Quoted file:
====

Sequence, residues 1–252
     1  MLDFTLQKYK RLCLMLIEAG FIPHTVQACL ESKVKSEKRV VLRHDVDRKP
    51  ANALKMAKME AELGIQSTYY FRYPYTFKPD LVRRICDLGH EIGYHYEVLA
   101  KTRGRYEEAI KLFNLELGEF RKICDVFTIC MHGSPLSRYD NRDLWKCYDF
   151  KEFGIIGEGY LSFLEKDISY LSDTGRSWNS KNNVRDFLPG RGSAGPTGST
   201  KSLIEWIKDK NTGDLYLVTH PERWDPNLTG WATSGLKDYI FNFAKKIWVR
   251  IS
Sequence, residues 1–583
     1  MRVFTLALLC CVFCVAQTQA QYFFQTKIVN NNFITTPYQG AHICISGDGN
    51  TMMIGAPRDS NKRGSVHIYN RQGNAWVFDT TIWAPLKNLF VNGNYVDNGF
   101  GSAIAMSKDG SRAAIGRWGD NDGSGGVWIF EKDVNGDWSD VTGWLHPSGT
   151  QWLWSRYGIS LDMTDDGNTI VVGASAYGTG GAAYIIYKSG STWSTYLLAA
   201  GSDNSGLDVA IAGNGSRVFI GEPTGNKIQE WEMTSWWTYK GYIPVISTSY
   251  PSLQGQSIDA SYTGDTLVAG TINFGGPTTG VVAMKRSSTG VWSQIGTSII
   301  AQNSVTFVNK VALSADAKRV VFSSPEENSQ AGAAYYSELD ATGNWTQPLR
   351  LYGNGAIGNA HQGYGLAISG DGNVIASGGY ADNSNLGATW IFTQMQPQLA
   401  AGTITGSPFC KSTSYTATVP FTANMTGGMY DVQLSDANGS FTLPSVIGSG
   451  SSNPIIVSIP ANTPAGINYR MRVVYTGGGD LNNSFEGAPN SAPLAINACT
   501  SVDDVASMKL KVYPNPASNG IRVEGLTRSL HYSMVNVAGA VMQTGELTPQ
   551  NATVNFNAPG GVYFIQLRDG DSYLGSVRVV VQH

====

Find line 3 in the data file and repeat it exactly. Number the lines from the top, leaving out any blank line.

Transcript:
    51  ANALKMAKME AELGIQSTYY FRYPYTFKPD LVRRICDLGH EIGYHYEVLA